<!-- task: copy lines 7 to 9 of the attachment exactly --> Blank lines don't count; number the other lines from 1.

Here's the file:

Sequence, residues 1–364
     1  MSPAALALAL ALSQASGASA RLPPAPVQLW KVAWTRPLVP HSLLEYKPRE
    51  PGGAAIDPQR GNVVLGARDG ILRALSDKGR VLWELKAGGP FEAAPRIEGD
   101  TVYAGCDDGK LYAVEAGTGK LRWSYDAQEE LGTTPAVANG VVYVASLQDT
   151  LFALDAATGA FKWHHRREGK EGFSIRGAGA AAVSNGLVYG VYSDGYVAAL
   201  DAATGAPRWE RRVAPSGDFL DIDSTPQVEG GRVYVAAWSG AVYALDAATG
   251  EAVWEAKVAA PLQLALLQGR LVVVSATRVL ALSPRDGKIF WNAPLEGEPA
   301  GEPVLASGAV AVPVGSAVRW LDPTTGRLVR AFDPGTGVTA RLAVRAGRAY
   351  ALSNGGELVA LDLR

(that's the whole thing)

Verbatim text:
   251  EAVWEAKVAA PLQLALLQGR LVVVSATRVL ALSPRDGKIF WNAPLEGEPA
   301  GEPVLASGAV AVPVGSAVRW LDPTTGRLVR AFDPGTGVTA RLAVRAGRAY
   351  ALSNGGELVA LDLR